Variable definition: The variables that are accessed by both C and assembly routines
must be defined as global variables using the directive .global, .def, or .ref by the
Compiler mode: By using the C compiler, the C55x CPL (compiler mode) bit is
automatically set for using stack-pointer (SP) relative addressing mode when entering
an assembly routine. The indirect addressing modes are preferred under this configur-
ation. If we need to use direct addressing modes to access data memory in a C callable
assembly routine, we must change to DP (data-page) direct addressing mode. This can
be done by clearing the CPL bit. However, before the assembly routine returns to its C
caller function, the CPL bit must be restored. The bit clear and bit set instructions,
bclr CPL and bset CPL, can be used to reset and set the CPL bit in the status register
ST1, respectively. The following code can be used to check the CPL bit, turn CPL bit off
if it is set, and restore the CPL bit before returning it to the caller.
btstclr #14, *(ST1), TC1 ; Turn off CPL bits if it is set
(more instructions . . . )
xcc continue, TC1
; TC1 is set if we turned CPL bit off
; Turn CPL bit on
Passing arguments: To pass arguments from a C function to an assembly routine, we
must follow the strict rules of C-callable conversions set by the C compiler. When
passing an argument, the C compiler assigns it to a particular data type and then places
it in a register according to its data type. The C55x C compiler uses the following three
classes to define the data types:
Data pointer: int *, or long *.
16-bit data: char, short, or int.
32-bit data: long, float, double, or function pointers.
If the arguments are pointers to data memory, they are treated as data pointers. If the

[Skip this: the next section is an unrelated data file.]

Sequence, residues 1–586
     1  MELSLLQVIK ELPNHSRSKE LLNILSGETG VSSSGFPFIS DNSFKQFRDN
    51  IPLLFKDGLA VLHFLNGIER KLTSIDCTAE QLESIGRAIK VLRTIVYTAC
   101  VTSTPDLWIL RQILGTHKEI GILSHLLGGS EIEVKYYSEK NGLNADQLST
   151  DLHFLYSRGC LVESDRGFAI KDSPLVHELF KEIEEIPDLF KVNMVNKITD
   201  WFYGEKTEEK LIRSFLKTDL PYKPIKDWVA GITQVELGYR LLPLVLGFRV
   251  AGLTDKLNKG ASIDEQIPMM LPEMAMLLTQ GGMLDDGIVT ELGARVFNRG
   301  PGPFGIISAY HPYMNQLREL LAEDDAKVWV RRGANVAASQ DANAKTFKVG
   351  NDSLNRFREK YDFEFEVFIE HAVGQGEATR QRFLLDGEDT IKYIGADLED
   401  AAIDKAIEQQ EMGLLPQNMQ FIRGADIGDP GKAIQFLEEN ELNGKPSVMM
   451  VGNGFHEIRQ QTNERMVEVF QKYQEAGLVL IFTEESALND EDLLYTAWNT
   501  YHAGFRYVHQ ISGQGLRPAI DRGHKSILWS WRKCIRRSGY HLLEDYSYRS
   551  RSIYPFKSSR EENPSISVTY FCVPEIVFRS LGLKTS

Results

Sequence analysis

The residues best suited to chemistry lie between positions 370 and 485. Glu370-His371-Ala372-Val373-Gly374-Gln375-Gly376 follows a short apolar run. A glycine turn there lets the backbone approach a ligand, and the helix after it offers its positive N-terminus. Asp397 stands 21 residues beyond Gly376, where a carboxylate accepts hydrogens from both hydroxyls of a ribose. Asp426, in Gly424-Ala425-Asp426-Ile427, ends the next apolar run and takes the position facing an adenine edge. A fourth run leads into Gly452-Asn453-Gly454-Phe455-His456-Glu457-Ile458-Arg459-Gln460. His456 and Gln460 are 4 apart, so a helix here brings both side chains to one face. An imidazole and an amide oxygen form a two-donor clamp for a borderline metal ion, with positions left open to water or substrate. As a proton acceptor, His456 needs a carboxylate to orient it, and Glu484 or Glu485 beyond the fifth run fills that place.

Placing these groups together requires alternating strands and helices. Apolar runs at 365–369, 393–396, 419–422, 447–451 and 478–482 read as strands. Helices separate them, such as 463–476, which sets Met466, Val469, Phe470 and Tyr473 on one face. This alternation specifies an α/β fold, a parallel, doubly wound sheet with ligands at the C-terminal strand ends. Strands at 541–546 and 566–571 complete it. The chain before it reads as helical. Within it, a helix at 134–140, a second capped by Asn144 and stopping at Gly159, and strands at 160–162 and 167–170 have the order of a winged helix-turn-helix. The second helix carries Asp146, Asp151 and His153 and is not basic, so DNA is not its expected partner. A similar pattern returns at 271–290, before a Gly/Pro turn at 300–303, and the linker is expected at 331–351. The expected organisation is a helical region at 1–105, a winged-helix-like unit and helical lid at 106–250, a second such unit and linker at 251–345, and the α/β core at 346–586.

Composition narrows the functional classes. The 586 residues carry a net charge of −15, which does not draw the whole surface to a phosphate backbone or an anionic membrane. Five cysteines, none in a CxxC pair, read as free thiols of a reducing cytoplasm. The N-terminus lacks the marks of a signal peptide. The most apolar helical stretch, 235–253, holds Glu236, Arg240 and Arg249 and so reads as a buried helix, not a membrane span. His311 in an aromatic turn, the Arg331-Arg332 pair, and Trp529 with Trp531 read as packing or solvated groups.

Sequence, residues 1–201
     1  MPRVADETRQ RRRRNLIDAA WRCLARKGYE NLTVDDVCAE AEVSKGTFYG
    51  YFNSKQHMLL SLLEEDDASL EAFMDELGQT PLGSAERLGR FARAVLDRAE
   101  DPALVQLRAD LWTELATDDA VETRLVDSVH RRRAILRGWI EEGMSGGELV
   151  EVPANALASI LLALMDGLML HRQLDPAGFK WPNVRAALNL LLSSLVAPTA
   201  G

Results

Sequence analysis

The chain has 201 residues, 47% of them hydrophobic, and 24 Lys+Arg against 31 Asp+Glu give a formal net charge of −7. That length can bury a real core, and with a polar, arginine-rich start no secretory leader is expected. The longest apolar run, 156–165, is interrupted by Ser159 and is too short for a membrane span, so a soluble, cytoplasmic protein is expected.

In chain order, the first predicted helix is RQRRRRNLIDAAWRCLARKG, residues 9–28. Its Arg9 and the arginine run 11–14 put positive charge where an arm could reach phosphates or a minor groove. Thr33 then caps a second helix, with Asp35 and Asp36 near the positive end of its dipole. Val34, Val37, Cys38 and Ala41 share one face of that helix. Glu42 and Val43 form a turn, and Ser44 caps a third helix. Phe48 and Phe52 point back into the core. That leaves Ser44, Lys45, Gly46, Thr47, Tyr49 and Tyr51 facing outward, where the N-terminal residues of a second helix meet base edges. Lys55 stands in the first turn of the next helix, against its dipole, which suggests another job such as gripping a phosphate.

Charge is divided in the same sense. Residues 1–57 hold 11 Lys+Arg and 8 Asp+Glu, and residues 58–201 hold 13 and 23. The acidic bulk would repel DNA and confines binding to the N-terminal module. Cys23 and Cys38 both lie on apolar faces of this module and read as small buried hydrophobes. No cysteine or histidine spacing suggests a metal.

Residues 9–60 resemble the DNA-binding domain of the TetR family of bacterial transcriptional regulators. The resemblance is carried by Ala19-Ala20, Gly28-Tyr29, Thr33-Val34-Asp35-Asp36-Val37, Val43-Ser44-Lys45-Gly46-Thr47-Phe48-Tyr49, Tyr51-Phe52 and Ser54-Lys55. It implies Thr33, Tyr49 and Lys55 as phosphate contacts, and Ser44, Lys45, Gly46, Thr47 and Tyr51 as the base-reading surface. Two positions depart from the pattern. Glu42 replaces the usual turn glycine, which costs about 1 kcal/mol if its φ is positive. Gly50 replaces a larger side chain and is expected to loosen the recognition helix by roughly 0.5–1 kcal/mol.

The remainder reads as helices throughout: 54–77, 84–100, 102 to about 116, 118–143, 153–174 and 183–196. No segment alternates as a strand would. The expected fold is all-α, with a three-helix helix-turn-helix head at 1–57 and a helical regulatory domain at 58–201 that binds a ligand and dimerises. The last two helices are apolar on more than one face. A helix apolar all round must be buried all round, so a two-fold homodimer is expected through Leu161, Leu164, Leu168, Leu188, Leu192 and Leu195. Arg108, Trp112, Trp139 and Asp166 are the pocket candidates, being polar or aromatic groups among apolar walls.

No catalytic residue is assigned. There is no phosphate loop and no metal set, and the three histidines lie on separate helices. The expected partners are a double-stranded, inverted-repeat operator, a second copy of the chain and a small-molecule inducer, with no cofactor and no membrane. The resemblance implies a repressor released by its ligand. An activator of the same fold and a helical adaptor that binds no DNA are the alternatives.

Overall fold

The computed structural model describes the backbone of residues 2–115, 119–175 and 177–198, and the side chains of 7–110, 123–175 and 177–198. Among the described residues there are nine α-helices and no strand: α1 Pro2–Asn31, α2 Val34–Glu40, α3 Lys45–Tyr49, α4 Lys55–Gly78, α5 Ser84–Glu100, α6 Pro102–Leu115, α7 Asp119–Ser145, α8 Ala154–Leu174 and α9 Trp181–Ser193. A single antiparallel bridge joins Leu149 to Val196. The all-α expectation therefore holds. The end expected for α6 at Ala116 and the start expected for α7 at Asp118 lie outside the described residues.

argument can fit into a 16-bit register such as int and char, it is considered to be 16-bit
data. Otherwise, it is considered 32-bit data. The arguments can also be structures. A
structure of two words (32 bits) or less is treated as a 32-bit data argument and is passed
using a 32-bit register. For structures larger than two words, the arguments are passed
by reference. The C compiler will pass the address of a structure as a pointer, and this
pointer is treated like a data argument.
For a subroutine call, the arguments are assigned to registers in the order that the
arguments are listed in the function. They are placed in the following registers according
to their data type, in an order shown in Table 2.6.
Note in Table 2.6 the overlap between AR registers used for data pointers and the
registers used for 16-bit data. For example, if T0 and T1 hold 16-bit data arguments,
and AR0 already holds a data pointer argument, a third 16-bit data argument would be
placed into AR1. See the second example in Figure 2.13. If the registers of the appro-
priate type are not available, the arguments are passed onto the stack. See the third
example in Figure 2.13.
MIXED C AND ASSEMBLY LANGUAGE PROGRAMMING